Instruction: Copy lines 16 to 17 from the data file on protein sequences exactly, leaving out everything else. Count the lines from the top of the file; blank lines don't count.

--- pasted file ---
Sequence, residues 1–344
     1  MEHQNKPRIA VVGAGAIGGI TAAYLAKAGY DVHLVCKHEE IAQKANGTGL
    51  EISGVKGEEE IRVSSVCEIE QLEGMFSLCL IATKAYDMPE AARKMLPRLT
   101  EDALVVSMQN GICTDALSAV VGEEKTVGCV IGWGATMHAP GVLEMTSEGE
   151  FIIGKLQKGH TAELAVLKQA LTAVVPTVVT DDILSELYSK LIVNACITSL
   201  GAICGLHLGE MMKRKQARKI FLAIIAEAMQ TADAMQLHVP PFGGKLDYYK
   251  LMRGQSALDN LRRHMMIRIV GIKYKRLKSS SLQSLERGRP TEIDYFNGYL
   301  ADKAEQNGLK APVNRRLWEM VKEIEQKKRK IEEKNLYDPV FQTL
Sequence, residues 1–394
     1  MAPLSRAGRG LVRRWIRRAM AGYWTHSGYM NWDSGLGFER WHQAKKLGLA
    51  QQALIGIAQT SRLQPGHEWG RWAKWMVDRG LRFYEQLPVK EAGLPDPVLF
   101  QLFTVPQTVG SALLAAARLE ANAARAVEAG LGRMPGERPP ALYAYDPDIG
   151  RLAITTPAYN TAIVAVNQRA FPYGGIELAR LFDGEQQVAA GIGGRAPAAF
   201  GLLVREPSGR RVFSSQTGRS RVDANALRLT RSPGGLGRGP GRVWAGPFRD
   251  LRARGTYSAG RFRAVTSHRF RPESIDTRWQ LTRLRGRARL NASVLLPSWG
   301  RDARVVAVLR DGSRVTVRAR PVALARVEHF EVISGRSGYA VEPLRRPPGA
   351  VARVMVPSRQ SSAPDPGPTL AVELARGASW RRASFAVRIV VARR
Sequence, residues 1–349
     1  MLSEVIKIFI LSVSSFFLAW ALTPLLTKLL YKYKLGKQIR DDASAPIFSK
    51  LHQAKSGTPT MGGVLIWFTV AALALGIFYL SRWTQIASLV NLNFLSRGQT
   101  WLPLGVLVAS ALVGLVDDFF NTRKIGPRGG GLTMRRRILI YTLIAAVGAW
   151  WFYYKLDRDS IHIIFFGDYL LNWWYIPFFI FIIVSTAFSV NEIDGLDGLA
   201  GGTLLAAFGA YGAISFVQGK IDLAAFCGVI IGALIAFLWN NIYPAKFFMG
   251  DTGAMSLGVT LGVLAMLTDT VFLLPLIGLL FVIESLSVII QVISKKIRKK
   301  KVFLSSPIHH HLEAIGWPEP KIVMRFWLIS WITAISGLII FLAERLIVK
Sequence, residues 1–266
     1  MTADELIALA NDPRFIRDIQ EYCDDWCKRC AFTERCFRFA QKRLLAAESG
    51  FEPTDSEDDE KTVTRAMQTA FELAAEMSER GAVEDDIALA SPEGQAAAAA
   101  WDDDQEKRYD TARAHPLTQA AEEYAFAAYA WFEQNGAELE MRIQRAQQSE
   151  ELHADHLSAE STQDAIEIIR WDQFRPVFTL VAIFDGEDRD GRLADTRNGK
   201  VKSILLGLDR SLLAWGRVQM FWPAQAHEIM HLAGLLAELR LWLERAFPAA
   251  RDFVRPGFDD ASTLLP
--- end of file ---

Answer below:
   301  RDARVVAVLR DGSRVTVRAR PVALARVEHF EVISGRSGYA VEPLRRPPGA
   351  VARVMVPSRQ SSAPDPGPTL AVELARGASW RRASFAVRIV VARR